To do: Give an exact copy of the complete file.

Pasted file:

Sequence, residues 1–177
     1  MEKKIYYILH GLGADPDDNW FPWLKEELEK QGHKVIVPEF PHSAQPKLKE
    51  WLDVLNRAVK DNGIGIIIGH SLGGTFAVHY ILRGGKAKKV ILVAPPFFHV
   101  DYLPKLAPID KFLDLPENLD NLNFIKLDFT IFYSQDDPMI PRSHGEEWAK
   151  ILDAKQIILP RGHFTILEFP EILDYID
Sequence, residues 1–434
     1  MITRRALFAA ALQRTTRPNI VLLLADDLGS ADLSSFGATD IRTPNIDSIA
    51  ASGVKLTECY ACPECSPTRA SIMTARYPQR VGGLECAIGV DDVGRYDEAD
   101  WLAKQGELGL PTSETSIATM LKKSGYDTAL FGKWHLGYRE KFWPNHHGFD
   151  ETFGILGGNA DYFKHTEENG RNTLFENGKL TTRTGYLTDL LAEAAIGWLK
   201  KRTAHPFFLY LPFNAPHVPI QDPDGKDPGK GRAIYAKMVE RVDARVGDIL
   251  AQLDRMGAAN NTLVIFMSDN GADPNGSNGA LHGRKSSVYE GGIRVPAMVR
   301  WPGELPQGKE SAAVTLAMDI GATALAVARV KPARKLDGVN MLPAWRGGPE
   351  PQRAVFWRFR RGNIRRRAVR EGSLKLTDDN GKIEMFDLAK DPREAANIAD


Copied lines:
Sequence, residues 1–177
     1  MEKKIYYILH GLGADPDDNW FPWLKEELEK QGHKVIVPEF PHSAQPKLKE
    51  WLDVLNRAVK DNGIGIIIGH SLGGTFAVHY ILRGGKAKKV ILVAPPFFHV
   101  DYLPKLAPID KFLDLPENLD NLNFIKLDFT IFYSQDDPMI PRSHGEEWAK
   151  ILDAKQIILP RGHFTILEFP EILDYID
Sequence, residues 1–434
     1  MITRRALFAA ALQRTTRPNI VLLLADDLGS ADLSSFGATD IRTPNIDSIA
    51  ASGVKLTECY ACPECSPTRA SIMTARYPQR VGGLECAIGV DDVGRYDEAD
   101  WLAKQGELGL PTSETSIATM LKKSGYDTAL FGKWHLGYRE KFWPNHHGFD
   151  ETFGILGGNA DYFKHTEENG RNTLFENGKL TTRTGYLTDL LAEAAIGWLK
   201  KRTAHPFFLY LPFNAPHVPI QDPDGKDPGK GRAIYAKMVE RVDARVGDIL
   251  AQLDRMGAAN NTLVIFMSDN GADPNGSNGA LHGRKSSVYE GGIRVPAMVR
   301  WPGELPQGKE SAAVTLAMDI GATALAVARV KPARKLDGVN MLPAWRGGPE
   351  PQRAVFWRFR RGNIRRRAVR EGSLKLTDDN GKIEMFDLAK DPREAANIAD